Exodus International issues policy statement opposing criminalization of homosexuality
Today, Exodus International issued a policy statement regarding the criminalization of homosexuality (in italics).
Criminalization of Homosexuality
Exodus International opposes the criminalization of homosexual behavior as conducted by consensual adults in private. We strongly oppose the imprisonment, mistreatment, or death of homosexual men and women on the basis of their perceived or known sexual orientation. These actions breed cultural violence and institutionalized shame, neither of which reflect God's redemptive heart.
In the blog post, Alan Chambers also expressed regret for the delayed response to information he received about the Ugandan ex-gay conference as well as the potential fall out (quote in italics).
That said, and without a wordy explanation or excuse, this public post is way overdue and I sincerely hope it clears up any speculation about how I really feel about gay and lesbian people, Ugandan or otherwise, the criminalization of homosexuality, Exodus's connection to the now infamous Ugandan conference where Exodus board member, Don Schmierer spoke, and most importantly the grace of God.
First things first, I was personally lax in investigating thoroughly the pre-conference intelligence that was coming in from Timothy Kincaid, David Roberts and Warren Throckmorton, to name a few. My initial belief was that their major concern was over Caleb Lee Brundidge's association with Richard Cohen. Again, no excuses, I was negligent in digging deeper and heeding their warnings. While I did share my concerns with Don Schmierer prior to the event, he was on the ground in Uganda and I saw this as an issue that didn't warrant him canceling his appearance there—after all, in my mind, Don was simply sharing his normal talk on parenting. I do realize that his mere presence there, even as a private citizen, did give the appearance that Exodus was endorsing the conference and eventually the horrific political position that was fueled by that event.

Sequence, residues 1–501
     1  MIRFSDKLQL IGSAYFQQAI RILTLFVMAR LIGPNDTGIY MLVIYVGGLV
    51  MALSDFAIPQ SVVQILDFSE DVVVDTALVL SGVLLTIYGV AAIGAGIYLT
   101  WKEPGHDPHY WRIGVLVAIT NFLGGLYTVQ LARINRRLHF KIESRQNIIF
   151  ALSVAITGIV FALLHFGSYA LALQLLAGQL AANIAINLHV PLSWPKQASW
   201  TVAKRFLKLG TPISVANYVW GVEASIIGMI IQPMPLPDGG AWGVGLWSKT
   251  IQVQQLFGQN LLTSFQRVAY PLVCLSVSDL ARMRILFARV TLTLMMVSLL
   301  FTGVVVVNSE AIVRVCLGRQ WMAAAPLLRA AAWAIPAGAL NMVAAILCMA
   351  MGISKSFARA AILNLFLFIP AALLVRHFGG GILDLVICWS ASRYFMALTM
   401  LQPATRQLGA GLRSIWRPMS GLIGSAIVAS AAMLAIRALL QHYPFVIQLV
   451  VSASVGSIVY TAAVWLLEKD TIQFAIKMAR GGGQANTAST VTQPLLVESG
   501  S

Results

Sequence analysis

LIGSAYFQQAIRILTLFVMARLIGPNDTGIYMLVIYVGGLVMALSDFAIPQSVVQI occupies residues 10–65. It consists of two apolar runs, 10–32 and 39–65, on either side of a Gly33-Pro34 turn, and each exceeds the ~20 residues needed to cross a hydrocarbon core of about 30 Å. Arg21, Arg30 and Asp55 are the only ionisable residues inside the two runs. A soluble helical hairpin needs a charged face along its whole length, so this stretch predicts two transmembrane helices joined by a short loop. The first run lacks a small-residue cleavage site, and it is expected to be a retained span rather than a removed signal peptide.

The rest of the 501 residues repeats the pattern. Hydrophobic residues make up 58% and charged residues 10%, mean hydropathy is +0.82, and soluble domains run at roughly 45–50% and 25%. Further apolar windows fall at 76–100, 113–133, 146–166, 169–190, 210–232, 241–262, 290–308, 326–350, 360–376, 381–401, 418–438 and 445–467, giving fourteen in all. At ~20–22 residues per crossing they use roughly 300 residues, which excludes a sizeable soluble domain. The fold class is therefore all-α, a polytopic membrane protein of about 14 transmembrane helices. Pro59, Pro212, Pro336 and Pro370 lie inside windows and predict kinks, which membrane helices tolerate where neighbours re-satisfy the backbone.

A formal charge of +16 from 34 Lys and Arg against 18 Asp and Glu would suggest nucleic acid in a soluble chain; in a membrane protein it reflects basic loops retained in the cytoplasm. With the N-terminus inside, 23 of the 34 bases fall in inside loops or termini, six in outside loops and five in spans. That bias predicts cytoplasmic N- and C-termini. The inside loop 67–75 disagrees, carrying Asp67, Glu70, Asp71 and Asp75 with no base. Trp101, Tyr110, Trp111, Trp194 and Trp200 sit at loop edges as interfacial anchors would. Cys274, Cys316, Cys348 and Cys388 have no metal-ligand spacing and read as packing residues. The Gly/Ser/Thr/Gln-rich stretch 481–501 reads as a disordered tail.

I appreciate this acknowledgement. Alan is correct that some of the initial concern related to the involvement of Brundidge but as he says here, it was much deeper. The events in Uganda, played out over the last 16 months, have required U.S. Christians to rethink their stance toward homosexuals. As Alan's remarks indicate, it is now necessary to articulate one's position on criminalization. The Uganda situation unearthed a division among social conservatives about the law and homosexuality. Just yesterday, one of the voices of the American Family Association, Bryan Fischer, again said that he favors a return to laws penalizing homosexual conduct. The Ugandan initiative has touched many American evangelicals in a way that few issues have, forcing many ministries and leaders to choose sides. While I personally had little doubt that the policy of Exodus was to oppose criminalization, today's announcement makes that clear. I applaud them.